We were only 90 miles away from the U.S., but it felt like we had crossed the border into a different world and into another era. The entire city of Havana, Cuba had such a romance to it with the stunning views of the European style building facades, the ever-present smell of the fumes coming from the Frankenstein Chevys, and the frequent sound of live music being played in paladares (in-home restaurants) and on street corners displaying the heartbeat of the community. No one could deny the charm of this colorful city and its friendly people. However, while I admired the beauty of the environment and the culture, there was no hiding the deteriorating infrastructure and the obvious need for improved sanitation and living conditions.
Being born and raised in the mostly anti-socialist U.S., there were constant thoughts running through my mind throughout this trip that questioned the ability of the government to provide for its people, especially when I witnessed run-down residences, old men asking for change, and numerous health risks throughout the city. These thoughts were challenged, however, when we were presented with Cuba’s health outcomes, which were surprisingly comparable with, if not better than the U.S.’s health outcomes. I was shocked that, despite the lack of building codes, safety regulations, and sanitation requirements, the government manages to keep the citizens of Cuba relatively healthy with low rates of infant mortality, low rates of HIV/AIDs, and with many common infectious diseases eradicated.
As we visited each clinic, each educational center, each school, it became clear to me that the successes of the Cuban health system can be largely attributed to three differences from the U.S.: The Cuban government’s economical practices based on its limited resources, the focus on primary and secondary prevention and promotion, and the underlying cultural sense of community and solidarity. In Cuba, health care costs are kept at a minimum through the country’s resourceful practices and their upstream solutions to preventing expensive downstream problems. In the U.S., we become so focused on providing the “best” treatments by breaking everything down into specialties that we often lose sight of the bigger picture. Instead of spending on expensive end-of-life treatments that often become futile, Cuba’s government invests in primary and secondary prevention practices, in which health is integrated into everyday life through schools and advertisements, as well as throughout the community. Clinics are easily accessible, and income is not a determinant of the extent or quality of health care one receives. The underlying feeling of shared social responsibility, however, remains to be the biggest difference between Cuba and the U.S., where we tend to value individual rights above all else.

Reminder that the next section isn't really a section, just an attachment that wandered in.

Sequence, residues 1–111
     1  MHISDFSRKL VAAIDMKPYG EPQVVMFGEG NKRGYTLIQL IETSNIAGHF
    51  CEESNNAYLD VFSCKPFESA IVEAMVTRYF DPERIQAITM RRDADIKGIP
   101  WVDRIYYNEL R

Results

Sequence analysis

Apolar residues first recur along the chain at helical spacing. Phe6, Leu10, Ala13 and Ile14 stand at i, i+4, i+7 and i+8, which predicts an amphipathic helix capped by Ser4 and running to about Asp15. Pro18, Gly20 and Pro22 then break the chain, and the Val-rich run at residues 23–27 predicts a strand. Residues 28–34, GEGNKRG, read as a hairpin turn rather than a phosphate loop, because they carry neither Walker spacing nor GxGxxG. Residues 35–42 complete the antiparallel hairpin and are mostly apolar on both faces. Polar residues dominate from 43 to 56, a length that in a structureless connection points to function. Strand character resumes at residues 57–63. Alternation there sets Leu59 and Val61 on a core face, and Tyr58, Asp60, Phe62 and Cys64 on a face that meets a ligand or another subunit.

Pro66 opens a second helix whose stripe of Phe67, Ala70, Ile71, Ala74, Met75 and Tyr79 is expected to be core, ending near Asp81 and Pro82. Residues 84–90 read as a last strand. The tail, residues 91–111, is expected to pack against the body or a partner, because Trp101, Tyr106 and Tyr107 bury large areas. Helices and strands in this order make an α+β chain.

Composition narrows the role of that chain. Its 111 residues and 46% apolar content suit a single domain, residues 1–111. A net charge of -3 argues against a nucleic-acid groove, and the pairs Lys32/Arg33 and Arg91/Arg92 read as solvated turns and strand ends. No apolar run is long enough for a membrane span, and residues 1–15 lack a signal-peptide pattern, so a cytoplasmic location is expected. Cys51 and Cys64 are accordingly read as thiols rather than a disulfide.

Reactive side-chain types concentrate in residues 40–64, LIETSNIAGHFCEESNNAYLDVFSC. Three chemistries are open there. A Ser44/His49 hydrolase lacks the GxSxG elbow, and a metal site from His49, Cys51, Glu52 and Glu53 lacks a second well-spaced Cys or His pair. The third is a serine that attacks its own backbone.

It is evident to me now why the health care system is something that the Cuban people take such great pride in. Although it would be impossible for us to simply “cut and paste” the Cuban health system into our American way of life, I believe the preventative, multidisciplinary approach to care that the Cuban government provides for its people is something worth studying more closely in order to improve the status of our own health system.
While the country itself may not be the wealthiest, there is no doubt that its people are rich in health, in history, and in culture. As I go on to finish nursing school and begin practicing as a nurse, Cuba’s integrative, preventative, and egalitarian approach to health care will always be something I will keep in mind, while the infectious spirit of the Cuban people and their strong sense of community will always remain in my heart.
By Jessica Salamat, MECN Student